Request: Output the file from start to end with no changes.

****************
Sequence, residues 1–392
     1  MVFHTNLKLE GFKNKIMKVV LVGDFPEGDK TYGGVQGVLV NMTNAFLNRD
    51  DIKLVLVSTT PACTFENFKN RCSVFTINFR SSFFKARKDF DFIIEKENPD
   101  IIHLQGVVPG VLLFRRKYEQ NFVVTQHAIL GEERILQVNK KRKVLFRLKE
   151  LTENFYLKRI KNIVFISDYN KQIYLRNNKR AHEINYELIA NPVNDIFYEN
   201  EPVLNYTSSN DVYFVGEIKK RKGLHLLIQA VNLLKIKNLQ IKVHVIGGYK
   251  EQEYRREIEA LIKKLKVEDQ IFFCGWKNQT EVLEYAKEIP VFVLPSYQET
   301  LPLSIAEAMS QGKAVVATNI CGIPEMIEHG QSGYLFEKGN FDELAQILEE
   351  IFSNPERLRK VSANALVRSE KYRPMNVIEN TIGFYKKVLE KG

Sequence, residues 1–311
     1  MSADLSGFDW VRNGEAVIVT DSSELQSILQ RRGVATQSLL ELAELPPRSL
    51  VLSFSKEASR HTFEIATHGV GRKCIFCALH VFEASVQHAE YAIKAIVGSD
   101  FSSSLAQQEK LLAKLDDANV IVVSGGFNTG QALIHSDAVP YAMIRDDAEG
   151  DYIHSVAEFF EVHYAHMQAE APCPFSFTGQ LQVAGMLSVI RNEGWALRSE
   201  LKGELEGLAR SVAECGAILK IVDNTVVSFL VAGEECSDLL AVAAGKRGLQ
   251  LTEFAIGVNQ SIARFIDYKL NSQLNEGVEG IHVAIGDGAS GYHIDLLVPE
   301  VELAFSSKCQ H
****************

Sequence, residues 1–392
     1  MVFHTNLKLE GFKNKIMKVV LVGDFPEGDK TYGGVQGVLV NMTNAFLNRD
    51  DIKLVLVSTT PACTFENFKN RCSVFTINFR SSFFKARKDF DFIIEKENPD
   101  IIHLQGVVPG VLLFRRKYEQ NFVVTQHAIL GEERILQVNK KRKVLFRLKE
   151  LTENFYLKRI KNIVFISDYN KQIYLRNNKR AHEINYELIA NPVNDIFYEN
   201  EPVLNYTSSN DVYFVGEIKK RKGLHLLIQA VNLLKIKNLQ IKVHVIGGYK
   251  EQEYRREIEA LIKKLKVEDQ IFFCGWKNQT EVLEYAKEIP VFVLPSYQET
   301  LPLSIAEAMS QGKAVVATNI CGIPEMIEHG QSGYLFEKGN FDELAQILEE
   351  IFSNPERLRK VSANALVRSE KYRPMNVIEN TIGFYKKVLE KG

Sequence, residues 1–311
     1  MSADLSGFDW VRNGEAVIVT DSSELQSILQ RRGVATQSLL ELAELPPRSL
    51  VLSFSKEASR HTFEIATHGV GRKCIFCALH VFEASVQHAE YAIKAIVGSD
   101  FSSSLAQQEK LLAKLDDANV IVVSGGFNTG QALIHSDAVP YAMIRDDAEG
   151  DYIHSVAEFF EVHYAHMQAE APCPFSFTGQ LQVAGMLSVI RNEGWALRSE
   201  LKGELEGLAR SVAECGAILK IVDNTVVSFL VAGEECSDLL AVAAGKRGLQ
   251  LTEFAIGVNQ SIARFIDYKL NSQLNEGVEG IHVAIGDGAS GYHIDLLVPE
   301  VELAFSSKCQ H